Although initially they seem quite an investment - believe me it's an investment you will never regret. Although a good one that will last isn't cheap, you can always divert a few euros from other things such as the gym sub (not needed as you'll get plenty of healthy exercise!), maybe even pass on the holiday for a year or two (not needed - how many other places can you think of where you can sit in the sun all year round in this part of the world, getting your daily dose of sunlight and vit D?), or even give up the therapist if you use one (not needed - as the latest research proves that spending time outdoors doing something satisfying is extremely beneficial for our mental health.)
I've been strongly of the opinion for many years that a small polytunnel should be available free on prescription to everyone - but I can dream on can't I? The vast improvements in people's diet and health would pay for them very quickly, as it would certainly encourage more people to eat their daily quota of fruit and veg. There's nothing quite like picking your own super fresh organic produce - it tastes totally different! It's been a strange autumn weather-wise here this year - alternating from boiling hot to freezing cold and back again for the last couple of months! I've also been very busy with a family member having been unwell following an accident and needing a lot of time and care - so some things were planted a bit later than usual and some still remain to be planted - but nevertheless I'm happy that we'll have plenty of our most important winter tunnel crops again - especially plenty of the healthy seasonal green salads which we eat endless variations of at lunchtime every day. This is one of the other things I'm very strict about as they are full of fibre and antioxidant phytonutrients which are vital to our health all year round. The most fantastic aspect of polytunnels for me is that I can work whatever the weather - so they make food growing a lot easier to fit into an often frantic lifestyle!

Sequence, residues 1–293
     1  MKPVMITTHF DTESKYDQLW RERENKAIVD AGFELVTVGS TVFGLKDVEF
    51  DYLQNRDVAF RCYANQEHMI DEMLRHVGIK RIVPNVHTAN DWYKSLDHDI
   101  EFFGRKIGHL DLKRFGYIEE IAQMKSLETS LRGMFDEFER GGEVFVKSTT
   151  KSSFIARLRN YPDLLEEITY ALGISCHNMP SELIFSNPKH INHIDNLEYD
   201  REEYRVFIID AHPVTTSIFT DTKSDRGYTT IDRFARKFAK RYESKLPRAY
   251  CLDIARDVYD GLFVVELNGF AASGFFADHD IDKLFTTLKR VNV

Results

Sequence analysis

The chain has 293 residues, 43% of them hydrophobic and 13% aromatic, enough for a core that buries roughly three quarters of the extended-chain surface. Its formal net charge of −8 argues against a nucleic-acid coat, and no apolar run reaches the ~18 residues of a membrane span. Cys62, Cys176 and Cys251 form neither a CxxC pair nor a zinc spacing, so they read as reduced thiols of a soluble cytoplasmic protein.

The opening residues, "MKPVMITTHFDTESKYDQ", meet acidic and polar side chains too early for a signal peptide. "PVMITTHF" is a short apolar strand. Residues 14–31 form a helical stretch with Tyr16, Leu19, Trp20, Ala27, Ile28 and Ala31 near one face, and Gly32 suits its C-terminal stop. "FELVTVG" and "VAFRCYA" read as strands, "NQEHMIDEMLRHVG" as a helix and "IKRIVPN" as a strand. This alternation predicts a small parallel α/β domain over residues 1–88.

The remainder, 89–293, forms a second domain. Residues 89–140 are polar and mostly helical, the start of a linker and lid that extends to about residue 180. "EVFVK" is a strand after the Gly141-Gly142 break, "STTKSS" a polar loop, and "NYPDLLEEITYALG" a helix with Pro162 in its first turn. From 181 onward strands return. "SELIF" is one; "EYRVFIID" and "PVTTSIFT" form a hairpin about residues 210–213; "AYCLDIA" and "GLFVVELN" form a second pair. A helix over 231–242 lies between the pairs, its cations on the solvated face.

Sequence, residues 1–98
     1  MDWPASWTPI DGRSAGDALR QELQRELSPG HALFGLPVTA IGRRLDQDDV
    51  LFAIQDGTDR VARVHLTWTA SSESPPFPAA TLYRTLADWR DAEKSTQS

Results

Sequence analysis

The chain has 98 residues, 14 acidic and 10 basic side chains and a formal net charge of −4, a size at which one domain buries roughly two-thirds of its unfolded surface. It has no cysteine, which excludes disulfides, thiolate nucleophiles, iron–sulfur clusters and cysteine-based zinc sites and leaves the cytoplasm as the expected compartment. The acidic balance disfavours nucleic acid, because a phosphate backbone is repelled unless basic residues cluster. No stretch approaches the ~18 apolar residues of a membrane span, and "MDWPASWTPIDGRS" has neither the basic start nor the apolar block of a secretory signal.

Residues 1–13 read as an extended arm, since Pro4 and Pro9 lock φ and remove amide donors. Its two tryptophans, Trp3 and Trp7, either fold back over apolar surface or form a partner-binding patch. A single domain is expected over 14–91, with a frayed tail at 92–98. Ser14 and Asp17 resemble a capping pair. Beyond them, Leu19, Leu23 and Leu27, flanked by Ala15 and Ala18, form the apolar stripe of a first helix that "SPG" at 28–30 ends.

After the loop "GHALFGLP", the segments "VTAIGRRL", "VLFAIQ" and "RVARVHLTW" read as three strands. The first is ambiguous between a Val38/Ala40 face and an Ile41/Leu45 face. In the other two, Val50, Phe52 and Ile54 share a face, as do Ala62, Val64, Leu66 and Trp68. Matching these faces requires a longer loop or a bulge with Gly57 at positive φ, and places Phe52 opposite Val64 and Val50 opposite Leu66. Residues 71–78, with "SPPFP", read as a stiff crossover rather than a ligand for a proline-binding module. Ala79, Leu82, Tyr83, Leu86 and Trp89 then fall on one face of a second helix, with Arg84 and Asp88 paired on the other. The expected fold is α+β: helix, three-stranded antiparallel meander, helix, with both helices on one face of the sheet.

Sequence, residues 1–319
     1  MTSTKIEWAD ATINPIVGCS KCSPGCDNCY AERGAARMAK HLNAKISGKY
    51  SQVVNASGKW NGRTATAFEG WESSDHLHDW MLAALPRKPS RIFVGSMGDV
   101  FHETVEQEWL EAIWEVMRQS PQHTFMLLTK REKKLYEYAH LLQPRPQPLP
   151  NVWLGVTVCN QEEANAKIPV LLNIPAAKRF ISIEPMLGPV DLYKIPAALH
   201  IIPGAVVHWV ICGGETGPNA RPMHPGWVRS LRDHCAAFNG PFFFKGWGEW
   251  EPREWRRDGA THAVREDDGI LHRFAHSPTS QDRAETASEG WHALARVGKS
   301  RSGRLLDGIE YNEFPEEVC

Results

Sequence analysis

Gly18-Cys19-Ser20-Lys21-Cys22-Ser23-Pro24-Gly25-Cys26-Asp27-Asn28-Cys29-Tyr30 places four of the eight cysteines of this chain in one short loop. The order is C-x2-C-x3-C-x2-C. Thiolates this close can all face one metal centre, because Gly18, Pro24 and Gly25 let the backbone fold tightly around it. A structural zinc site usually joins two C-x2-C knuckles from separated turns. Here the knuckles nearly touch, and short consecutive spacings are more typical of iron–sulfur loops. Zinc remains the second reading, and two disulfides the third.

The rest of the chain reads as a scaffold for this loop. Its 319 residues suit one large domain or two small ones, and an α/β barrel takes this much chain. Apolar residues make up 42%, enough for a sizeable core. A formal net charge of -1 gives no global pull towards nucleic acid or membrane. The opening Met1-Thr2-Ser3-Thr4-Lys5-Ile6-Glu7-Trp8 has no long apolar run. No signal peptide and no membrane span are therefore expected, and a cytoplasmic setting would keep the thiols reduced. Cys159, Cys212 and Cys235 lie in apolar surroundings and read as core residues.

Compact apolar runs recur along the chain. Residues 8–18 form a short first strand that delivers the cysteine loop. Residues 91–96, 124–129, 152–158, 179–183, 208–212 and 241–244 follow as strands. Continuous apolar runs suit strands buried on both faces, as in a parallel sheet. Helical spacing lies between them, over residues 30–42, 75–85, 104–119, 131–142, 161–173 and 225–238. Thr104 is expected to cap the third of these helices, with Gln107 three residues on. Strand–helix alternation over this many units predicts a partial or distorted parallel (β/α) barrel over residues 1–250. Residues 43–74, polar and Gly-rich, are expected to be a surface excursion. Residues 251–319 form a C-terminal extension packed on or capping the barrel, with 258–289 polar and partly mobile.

So, have I persuaded you yet? If so - then here's a few points to consider if you think that a polytunnel is a good idea. Just what occurs to me right now from experience - not an exhaustive list. Before you even start looking at makes, types etc. and invest hard-earned cash - first investigate if you need any local planning permissions etc.
Choosing your tunnel
Just a couple of things that occur to me - and that are often not mentioned in books. Buy the biggest tunnel you can possibly afford - as I've already said it will pay for itself very quickly if you use it well. Also get it covered in the heaviest polythene you can - it will last years longer. The 'grip-strips' along the base that clamp the polythene on are far better than having to dig up the outside every time it needs re-covering, so they're a good long-term investment. Again they're not cheap - but they're so much easier and a real time and labour-saver. Speaking from experience - it's amazing how hard it is to find help that is of any use when digging up and re-covering a tunnel of the 'buried polythene' type! If it's not done properly and it's left loose - polythene can easily work loose and then all rip to shreds. I feel that cost-wise it's often roundabouts and swings - and that seeming to save money one way can often turn out even more expensive another- especially when a tunnel is full of valuable winter crops!
Choose a reasonably level site, sloping just gently to the south if you can. This is ideal for air circulation, as the hotter air tends to rise and frost can slip out downhill on very cold nights if the lower door is open. You need reasonable sheltered from the prevailing winds or strong wind from any direction - but not too over-hung by trees either - which could stop light, or even worse branches could break off and puncture your tunnel!
Good ventilation is absolutely essential so it's vital to have a door at either end however small your tunnel is - ideally a sliding door as the ventilation can be varied far more easily according to the weather conditions. They're expensive though - often as expensive as a very small tunnel - but worth every cent on my very windy site! The hinge opening doors are fine but have to be fixed wide-open all the time. As we live on a very windy hill with wind often gusting from different directions on the same of subsequent days - this isn't always ideal. We can get vicious side winds that can threaten the structure of the polytunnel - meaning that doors may have to be closed altogether - which is not ideal for ventilation. Roll up doors are a nightmare! That's how I lost my very first tunnel in Hurricane Charley! they can catch in the wind, double back inside and go up through the roof - which is what happened to mine. The tunnel's a total gonner then and very often the frame too!